Social networks change a lot. I've been managing social media accounts for companies (and my own blog) since around 2007. Facebook, especially, has seen tremendous changes. From introducing their graph algorithm which transformed timelines, to leading the pack among social media sites in terms of building out an advertising platform.
For a while there, many bloggers and brand managers threw up their hands and waited for the dust to settle before they worked too hard on building their Facebook strategy. And in the meantime, things like Pinterest took over as a bloggers' best friend. I remain a Facebook believer, however.
Facebook may be a tricky nut to crack, particularly in comparison to the traffic driver it once was. But personally (and for Chicory), it remains our #1 traffic referral source. With that in mind, I recently dove in and performed a deep audit of our post performance. And what I noticed, in terms of Facebook strategy, is that what works on Facebook hasn't actually changed all that much since 2007. It's the tools that have changed. Here's what I mean.
Major 🔑 #1
In 2007 they said: "It's a social network! Be social!"
In 2016 that means: use Facebook to get to know your audience.
What companies loved in Facebook's early days was that, for the first time, there was a reciprocal relationship with consumers of a product. You could throw out a question to your "fans" and immediately get a handful of responses straight from the source; previously, you could only get those kinds of insights from time-consuming surveys.
We all know that things don't work like that anymore. Posts without some kind of multimedia element get completely buried in feeds and users are way less inclined to take time to directly respond to these kinds of requests.
That said, Facebook's audience data has become an incredible and robust tool in the past four or five years. Not only can you analyze the demographic data of those folks that follow your brand, but you can also target your ads with incredible detail. What Facebook used to offer in terms of getting to know your audience, you can still get--but at a price.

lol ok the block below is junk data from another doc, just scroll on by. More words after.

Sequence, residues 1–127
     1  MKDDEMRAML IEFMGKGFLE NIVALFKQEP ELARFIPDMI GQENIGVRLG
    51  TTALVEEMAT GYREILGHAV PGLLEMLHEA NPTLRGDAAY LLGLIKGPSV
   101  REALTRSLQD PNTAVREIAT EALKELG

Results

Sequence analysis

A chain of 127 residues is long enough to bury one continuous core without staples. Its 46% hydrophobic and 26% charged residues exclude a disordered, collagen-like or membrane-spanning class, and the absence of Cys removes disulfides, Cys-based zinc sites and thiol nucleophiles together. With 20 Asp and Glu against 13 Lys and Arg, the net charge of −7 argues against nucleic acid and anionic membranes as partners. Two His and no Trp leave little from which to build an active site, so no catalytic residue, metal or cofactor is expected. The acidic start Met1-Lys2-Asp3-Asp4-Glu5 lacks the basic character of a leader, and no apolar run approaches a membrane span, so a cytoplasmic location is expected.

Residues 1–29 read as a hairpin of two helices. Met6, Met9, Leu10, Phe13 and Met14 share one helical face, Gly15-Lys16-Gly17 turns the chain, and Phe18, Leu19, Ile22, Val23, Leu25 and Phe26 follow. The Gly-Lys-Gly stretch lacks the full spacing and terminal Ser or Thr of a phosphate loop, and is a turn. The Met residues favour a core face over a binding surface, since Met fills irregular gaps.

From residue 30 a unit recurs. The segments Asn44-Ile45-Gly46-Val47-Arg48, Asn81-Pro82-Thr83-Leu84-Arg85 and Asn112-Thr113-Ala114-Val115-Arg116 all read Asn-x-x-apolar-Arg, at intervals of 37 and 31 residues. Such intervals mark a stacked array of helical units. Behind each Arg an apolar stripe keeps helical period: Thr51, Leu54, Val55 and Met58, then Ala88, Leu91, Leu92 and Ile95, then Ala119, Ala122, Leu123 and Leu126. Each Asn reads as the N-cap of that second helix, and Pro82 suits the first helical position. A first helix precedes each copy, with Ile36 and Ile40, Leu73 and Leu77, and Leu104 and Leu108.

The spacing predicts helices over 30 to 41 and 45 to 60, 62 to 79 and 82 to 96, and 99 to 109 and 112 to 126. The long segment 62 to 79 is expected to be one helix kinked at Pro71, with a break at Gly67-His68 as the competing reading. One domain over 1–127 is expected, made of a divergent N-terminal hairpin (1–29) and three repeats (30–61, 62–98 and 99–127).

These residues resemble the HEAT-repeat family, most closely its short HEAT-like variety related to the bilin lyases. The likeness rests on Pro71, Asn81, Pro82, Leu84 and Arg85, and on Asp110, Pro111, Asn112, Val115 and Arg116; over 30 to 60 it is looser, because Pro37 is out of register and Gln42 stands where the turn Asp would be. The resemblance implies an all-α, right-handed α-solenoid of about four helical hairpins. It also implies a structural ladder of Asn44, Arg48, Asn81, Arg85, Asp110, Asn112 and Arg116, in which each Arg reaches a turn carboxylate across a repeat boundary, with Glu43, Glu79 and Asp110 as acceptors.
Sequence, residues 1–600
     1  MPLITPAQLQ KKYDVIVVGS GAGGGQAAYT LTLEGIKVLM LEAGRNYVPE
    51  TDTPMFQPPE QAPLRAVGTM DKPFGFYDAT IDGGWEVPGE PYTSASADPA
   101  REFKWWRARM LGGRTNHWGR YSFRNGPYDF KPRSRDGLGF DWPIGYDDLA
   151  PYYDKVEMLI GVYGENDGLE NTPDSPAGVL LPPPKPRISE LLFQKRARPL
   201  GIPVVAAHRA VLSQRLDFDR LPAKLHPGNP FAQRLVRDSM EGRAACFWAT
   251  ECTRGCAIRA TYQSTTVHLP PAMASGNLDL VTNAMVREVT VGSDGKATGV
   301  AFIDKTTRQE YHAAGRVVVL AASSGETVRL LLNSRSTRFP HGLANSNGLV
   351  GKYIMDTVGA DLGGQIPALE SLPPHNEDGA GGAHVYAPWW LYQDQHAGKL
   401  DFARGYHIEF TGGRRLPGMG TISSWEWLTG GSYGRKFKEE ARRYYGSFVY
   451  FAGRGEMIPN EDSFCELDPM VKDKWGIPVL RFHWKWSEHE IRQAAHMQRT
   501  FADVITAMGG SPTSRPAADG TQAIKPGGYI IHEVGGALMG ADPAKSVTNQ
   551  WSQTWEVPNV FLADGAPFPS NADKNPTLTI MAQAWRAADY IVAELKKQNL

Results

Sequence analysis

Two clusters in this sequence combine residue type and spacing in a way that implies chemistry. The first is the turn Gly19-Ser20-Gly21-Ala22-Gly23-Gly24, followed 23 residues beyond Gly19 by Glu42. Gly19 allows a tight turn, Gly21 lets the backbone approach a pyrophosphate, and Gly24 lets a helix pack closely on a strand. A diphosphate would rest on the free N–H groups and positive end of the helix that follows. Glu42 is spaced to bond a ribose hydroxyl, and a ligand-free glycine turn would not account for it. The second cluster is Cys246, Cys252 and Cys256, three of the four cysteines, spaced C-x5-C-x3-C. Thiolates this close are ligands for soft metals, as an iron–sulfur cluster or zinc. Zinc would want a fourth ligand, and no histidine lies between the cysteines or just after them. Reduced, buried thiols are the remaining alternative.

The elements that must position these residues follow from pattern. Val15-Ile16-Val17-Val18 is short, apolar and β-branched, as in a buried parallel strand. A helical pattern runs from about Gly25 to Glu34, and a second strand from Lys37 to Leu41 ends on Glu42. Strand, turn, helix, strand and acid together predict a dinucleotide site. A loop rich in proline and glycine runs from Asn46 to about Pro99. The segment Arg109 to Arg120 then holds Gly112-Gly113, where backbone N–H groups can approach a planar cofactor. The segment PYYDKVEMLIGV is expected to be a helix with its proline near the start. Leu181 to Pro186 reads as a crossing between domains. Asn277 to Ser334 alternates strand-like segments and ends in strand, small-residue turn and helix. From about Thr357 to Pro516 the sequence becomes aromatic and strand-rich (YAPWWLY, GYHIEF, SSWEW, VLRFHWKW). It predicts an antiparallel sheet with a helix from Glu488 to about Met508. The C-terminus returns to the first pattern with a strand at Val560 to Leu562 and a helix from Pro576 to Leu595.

Major 🔑 #2
In 2007 they said: latch onto pop culture events to get noticed.
In 2016 that means: talk the talk of the Internet while remaining on-brand.
A few years ago, when I was working as a social media manager for a theater company, I would stay late or get to work bright and early to offer commentary on events like the Tony Award nominations or an airing of The Sound of Music, LIVE on NBC. I wasn't a reporter, nor did I work for a content company, but the engagement we saw during these live events was huge, so as social media manager, it was always expected that I would be live tweeting. It was a lot of fun, but ultimately the engagement tapered off and the followers we gained during those live tweeting sprees soon unfollowed our account.
There was also a big push a few years ago to latch onto pop culture moments as a brand and comment on them in some way or another. This resulted (and continues to result in) lots of corny moments. Consumers, especially millennials, see right through these attempts at relevance, but there's still something to trying to stay on top of trends.
Take a look at our top posts from the past month or so. Our number one post makes a reference to 2008 Black Eyed Peas song "Boom Boom Pow" and also references that daaaaamn, Daniel! Snapchat trend. The thing is, that post was about keeping your blog up-to-date... so there was contextual relevance to our caption. It wasn't just a lame attempt to talk like the kids do. Also note that we do this kind of thing sparingly. It helps keep your brand from looking desperate.
Major 🔑 #3
In 2007 they said: optimize your Facebook page in order to get viewers to your website.
In 2016 that means: determine what social ROI means for you.
When I was working in social media nine years ago, at first people had no idea what the expectations for return on social media investment could even mean. Around 2012, everyone became convinced that social media should be a channel for funneling traffic to your website.
As time went by, though, and the idea of "influencers" took hold as a major way to market products. Even media companies who literally monetize their pageviews, began to shift toward realizing that their social media channels and communities were valuable on their own merits.
What do you think of our advice? What have been the keys to your Facebook success? Let us know in the comments!
Today, you see bloggers or media companies tagging their tweets or Facebook posts with things like #sponsored or #ad. These posts are purchased by companies on their own because a big Facebook following can be monetized, even without a link to some sponsored article.